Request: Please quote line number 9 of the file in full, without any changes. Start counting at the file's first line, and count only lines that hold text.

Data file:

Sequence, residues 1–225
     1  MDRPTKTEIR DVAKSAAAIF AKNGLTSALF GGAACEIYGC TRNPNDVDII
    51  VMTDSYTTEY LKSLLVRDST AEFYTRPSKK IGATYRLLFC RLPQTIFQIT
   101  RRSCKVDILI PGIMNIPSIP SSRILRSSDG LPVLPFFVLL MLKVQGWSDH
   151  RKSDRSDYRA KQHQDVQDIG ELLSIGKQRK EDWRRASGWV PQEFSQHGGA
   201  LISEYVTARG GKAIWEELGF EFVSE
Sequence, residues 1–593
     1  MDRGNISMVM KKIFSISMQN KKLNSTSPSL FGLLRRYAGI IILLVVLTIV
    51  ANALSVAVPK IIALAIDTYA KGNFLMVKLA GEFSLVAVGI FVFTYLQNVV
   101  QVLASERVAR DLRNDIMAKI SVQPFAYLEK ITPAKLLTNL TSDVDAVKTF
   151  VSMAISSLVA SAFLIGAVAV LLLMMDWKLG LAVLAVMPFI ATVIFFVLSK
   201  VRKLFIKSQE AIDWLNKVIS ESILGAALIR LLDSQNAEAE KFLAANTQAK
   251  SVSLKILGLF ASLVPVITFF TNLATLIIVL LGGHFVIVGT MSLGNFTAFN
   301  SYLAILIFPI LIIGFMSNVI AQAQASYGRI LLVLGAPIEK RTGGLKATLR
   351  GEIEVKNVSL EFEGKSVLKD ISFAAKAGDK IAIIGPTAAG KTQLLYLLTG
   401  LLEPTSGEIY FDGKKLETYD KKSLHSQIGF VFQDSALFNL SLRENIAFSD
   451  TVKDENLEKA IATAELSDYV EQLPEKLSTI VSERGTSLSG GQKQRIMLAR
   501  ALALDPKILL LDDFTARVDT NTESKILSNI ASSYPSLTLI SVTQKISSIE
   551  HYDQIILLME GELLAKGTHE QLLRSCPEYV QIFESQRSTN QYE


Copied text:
    51  ANALSVAVPK IIALAIDTYA KGNFLMVKLA GEFSLVAVGI FVFTYLQNVV